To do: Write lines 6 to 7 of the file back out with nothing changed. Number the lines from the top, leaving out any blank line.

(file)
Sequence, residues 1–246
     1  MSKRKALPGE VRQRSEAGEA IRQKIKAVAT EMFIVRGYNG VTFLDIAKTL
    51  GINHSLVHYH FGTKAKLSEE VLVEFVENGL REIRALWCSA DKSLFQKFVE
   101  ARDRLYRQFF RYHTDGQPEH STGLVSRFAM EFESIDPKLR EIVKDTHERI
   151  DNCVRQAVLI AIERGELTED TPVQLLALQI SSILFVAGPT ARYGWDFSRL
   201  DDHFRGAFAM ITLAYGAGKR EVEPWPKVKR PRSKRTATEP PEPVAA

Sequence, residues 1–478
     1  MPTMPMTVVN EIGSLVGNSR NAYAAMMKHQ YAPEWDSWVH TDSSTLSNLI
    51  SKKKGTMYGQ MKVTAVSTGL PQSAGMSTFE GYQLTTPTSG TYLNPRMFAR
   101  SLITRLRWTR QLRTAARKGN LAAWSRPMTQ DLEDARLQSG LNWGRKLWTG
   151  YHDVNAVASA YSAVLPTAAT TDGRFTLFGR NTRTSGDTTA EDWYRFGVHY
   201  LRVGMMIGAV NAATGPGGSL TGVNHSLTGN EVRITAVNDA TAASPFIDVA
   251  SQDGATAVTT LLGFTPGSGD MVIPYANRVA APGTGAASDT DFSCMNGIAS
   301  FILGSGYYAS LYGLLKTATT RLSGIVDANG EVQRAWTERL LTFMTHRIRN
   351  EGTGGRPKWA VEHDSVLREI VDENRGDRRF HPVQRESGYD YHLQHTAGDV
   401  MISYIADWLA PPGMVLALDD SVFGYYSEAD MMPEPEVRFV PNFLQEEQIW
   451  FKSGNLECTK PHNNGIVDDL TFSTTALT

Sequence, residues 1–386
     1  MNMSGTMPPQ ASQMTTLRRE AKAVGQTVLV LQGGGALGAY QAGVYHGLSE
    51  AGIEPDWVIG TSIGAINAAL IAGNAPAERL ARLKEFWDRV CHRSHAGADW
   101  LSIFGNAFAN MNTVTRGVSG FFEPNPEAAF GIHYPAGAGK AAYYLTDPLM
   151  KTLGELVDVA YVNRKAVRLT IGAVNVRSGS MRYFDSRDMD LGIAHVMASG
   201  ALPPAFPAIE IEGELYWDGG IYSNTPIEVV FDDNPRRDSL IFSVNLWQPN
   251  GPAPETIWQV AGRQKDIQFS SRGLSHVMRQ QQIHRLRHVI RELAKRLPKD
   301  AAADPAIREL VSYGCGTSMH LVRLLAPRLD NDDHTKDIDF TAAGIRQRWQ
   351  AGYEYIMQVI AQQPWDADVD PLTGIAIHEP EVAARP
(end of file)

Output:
   201  DDHFRGAFAM ITLAYGAGKR EVEPWPKVKR PRSKRTATEP PEPVAA

Sequence, residues 1–478